WEST CHESTER (October 28, 2019) – Members of Chester County’s Indian community and beyond have taken to celebrating Diwali, the Hindu festival of light, by giving back to those in need through food drives and other community endeavors, state Senator Andy Dinniman said today.
“Chester County and the surrounding region is home to a large and growing Indian population. It’s rewarding and inspiring to see individuals and families celebrating their cultural and religious traditions by working to help others,” Dinniman said. “This is not just an opportunity to give back to our neighbors in need, but it’s also a chance to promote understanding between cultures and to embrace the true meaning of community.”
Several food drives in celebration of Diwali are currently underway:
- Conestoga High School’s Desi Club is supporting the #SewaDiwali Food Drive, benefitting Philabundance, from October 28 to November 8. The school district-wide food drive is seeking donations of vegetarian and nonperishable food items. Items can be dropped off in the main lobbies of all Tredyffrin-Easttown schools or at the Tredyffrin Public Library. The #SewaDiwali Food Drive will culminate with a Diwali Celebration at the Tredyffrin Public Library on November 16 from 1 to 6 p.m.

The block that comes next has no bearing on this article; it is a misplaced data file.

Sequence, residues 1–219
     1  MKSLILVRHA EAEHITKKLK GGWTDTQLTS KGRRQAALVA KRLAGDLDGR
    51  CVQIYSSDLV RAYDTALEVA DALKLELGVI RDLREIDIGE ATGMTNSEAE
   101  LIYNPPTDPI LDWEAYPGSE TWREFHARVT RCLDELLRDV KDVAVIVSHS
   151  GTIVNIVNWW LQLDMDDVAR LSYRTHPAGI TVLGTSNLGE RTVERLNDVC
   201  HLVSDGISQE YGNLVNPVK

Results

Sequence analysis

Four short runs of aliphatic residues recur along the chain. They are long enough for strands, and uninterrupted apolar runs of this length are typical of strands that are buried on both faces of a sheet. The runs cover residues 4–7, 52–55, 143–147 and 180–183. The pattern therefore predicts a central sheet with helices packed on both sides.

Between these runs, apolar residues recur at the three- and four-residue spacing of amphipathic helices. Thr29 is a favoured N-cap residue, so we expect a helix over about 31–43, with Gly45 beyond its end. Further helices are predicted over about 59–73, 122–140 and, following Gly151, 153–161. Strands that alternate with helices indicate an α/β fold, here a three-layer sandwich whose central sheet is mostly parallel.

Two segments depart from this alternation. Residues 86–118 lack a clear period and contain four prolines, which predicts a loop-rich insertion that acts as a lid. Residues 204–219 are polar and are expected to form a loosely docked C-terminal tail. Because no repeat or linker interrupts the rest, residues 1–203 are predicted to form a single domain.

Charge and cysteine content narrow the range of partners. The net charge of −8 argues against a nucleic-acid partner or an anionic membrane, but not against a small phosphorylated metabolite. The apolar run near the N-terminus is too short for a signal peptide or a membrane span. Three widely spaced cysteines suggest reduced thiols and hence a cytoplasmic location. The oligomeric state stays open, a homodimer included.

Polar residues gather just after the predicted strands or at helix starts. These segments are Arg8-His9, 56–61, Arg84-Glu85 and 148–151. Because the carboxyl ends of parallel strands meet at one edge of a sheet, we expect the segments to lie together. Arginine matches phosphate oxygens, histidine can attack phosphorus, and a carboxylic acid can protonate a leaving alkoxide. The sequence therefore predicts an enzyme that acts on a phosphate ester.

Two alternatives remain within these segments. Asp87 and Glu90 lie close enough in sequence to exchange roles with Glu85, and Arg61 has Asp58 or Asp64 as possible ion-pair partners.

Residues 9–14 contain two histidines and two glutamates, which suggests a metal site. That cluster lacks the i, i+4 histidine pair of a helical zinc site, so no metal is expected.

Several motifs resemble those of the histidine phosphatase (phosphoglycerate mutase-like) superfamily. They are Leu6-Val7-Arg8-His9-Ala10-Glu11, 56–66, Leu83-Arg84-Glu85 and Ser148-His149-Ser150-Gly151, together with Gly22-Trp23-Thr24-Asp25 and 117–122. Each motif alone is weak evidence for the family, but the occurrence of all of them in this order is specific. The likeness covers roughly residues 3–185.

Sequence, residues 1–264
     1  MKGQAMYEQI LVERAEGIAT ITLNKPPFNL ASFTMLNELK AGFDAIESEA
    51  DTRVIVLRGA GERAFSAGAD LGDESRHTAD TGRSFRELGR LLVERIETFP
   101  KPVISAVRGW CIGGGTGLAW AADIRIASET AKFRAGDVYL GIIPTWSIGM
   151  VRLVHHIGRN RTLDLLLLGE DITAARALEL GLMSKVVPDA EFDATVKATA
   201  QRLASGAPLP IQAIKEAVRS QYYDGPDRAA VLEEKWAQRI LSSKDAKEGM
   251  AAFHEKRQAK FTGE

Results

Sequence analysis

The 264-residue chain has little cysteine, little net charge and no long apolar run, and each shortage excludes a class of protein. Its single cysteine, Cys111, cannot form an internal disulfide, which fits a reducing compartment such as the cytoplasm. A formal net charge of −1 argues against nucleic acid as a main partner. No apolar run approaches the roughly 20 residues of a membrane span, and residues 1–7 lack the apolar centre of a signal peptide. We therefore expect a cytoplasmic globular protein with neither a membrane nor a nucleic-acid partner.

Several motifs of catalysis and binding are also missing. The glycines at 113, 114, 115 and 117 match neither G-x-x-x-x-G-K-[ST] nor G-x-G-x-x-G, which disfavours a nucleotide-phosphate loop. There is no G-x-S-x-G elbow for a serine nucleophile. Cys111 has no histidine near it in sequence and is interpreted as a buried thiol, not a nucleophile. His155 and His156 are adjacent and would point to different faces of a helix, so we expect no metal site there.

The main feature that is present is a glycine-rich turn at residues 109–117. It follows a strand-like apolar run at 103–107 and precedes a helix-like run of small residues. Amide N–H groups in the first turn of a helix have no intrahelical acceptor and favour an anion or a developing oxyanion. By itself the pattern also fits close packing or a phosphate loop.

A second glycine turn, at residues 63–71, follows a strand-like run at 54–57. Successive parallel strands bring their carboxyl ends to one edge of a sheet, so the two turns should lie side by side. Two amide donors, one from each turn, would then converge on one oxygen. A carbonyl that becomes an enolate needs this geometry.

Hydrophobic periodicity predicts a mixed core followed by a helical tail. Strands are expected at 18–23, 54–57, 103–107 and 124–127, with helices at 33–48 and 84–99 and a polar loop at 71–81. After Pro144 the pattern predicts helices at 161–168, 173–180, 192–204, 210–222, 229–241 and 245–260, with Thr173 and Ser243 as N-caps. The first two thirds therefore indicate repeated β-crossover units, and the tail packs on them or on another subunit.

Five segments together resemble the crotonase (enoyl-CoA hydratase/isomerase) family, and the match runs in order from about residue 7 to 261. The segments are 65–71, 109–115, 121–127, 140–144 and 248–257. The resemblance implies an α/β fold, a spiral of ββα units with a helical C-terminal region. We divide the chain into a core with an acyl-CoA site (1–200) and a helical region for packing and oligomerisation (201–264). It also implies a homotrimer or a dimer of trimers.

- The Diwali Food Drive, originally led by the Byers Station Community in Downingtown, has now expanded to include multiple communities across the region, including Applecross, Atwater, Bell Tavern, Chestnut Ridge, Chester Springs, Eagle Hunt, Malvern Hunt, Greenville Overlook, the Reserve at Eagle, the Reserve at Chester Springs, Whiteland Woods, Windsor Ridge, and the Ridings. Food drive events at those communities, to benefit the Chester County Food Bank and local food pantries, will take place on November 2 from 9 a.m. to 12 p.m. Visit diwalifooddrive.com for details.
In addition, Dinniman noted that students and teachers at Tredyffrin/Easttown Middle School and Conestoga High School have organized an art project that benefits Bhutanese refugees residing in the Philadelphia area.
In the spirit of Diwali, Dr. Milind Dhamankar and his son, Mihir Dhamankar, a student at Conestoga High School, have worked with students to teach the refugees and their families how to make traditional Diwail lanterns (or “Kandils”). The colorful, paper-cut lanterns, an integral part of Diwali celebration, are then sold to members of the Indian community, both locally and across the nation, with the proceeds benefiting the refugees.
Over the last five years, this initiative, under the motto “Kindle Hope, Buy a Kandil,” has helped the Bhutanese refugees sell more than 1,500 lanterns and raise more than $7,500.
“The Kandil project is a great example of community working across cultural lines to promote inclusion through empowerment and entrepreneurialism,” Dinniman said. “And the most amazing part is, at the same time, we’re teaching artistic skills to the next generation that will help keep these cultural traditions alive.”